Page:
Accommodation of Freeway Merging in Environment of Mixed Vehicle Technologies

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Pakzadnia, Afshin




The connected autonomous vehicle (CAV) is the most significant breakthrough in the automobile industry since the wide adoption of automobiles as a mode of transportation. These vehicles can respond faster, drive more precisely within their lane, and keep gaps shorter than driver-operated vehicles (DVs). Therefore, they can improve traffic operations and reduce collisions resulting from human errors. However, shorter gaps on the freeway right lane (FRL) can create difficulty for on-ramp vehicles to merge onto the freeway. In addition, there is a transition period from all DVs to all CAVs. As a result, there would be a mixed traffic environment including DVs and CAVs, which might necessitate different merging management strategies. This study proposes eight possible solutions to address the merging problems by providing acceptable gaps or resolving the conflicts between merging and mainline vehicles in a mixed traffic environment. These strategies are then evaluated based on different measures to determine which merging solution is most effective for each traffic condition. Average travel times and the capacity drop are used as traffic performance measures, while safety measures include the percentage of vehicles with low merging speed (VLMS) and probability of non-compliance (PNC) of merging manoeuvre. The behaviour of CAVs and performance merging strategies are modelled using Vissim v2020, internal programing, and a MATLAB program. The simulation results indicate that when the CAV penetration rate is between 0% and 100%, most proposed strategies outperform the base condition of do-nothing. The traffic performance changes depending on the CAV penetration rate and the type of traffic management strategy. The results of the safety measure for most strategies based on the VLMS index indicate that at low traffic volumes, increasing CAV penetration rate reduces VLMS, thereby improving safety. At high traffic volume, some strategies such as dissolving platoons and ramp metering show better performance. For the PNC measure, most strategies have lower PNC and better expected safety performance than the base strategy. Furthermore, increasing the CAV penetration rate reduces PNC. Finally, a regression analysis between PNC and the existing collision database demonstrated a correlation between PNC and collision frequency.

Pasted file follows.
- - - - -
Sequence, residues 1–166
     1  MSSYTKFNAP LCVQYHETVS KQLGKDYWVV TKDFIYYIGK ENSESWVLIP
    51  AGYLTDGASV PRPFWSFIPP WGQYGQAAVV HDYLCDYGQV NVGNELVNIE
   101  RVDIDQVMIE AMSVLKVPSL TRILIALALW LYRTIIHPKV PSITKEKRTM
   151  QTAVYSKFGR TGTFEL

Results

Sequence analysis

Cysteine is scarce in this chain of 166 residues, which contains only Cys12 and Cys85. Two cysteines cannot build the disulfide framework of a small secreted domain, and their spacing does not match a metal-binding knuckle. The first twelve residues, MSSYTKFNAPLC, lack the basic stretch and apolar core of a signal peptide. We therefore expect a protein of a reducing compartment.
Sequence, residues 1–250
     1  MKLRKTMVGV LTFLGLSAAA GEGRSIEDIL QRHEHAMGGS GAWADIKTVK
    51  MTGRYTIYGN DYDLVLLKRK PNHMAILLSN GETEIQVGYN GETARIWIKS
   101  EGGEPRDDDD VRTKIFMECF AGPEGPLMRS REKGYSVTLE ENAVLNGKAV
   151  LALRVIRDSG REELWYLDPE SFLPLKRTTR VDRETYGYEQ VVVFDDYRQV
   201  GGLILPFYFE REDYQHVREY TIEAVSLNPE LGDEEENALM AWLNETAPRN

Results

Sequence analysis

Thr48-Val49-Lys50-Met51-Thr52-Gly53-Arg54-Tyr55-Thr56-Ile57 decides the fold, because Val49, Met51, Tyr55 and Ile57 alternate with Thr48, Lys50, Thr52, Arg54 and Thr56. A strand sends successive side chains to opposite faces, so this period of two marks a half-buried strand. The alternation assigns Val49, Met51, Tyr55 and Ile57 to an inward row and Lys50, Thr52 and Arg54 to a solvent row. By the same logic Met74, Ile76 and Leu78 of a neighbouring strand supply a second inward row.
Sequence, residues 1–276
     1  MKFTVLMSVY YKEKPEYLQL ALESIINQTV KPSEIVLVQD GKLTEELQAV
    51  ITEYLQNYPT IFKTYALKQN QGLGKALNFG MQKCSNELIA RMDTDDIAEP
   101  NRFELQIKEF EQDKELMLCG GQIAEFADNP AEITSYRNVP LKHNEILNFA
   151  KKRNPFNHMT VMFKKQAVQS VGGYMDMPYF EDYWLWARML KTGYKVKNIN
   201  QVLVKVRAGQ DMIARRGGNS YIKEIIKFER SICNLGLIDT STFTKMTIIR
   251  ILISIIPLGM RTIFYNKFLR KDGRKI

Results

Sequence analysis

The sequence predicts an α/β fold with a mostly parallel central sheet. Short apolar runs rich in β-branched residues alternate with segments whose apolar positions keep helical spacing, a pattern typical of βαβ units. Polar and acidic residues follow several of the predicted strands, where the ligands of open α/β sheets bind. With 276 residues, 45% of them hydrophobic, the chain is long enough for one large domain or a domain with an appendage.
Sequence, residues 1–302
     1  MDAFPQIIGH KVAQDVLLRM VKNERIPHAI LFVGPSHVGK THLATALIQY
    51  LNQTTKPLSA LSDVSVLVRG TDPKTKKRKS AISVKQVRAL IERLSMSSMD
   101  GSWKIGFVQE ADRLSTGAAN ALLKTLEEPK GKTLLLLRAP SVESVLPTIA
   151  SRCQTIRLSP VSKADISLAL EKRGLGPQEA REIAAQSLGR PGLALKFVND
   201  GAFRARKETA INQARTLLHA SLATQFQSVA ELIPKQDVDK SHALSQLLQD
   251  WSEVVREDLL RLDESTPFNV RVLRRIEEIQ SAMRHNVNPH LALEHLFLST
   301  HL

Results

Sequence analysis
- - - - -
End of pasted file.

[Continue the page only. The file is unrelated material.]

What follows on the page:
Education - Technology




Carleton University

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Doctor of Philosophy: 

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Thesis Degree Discipline: 

Engineering, Civil

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Theses and Dissertations

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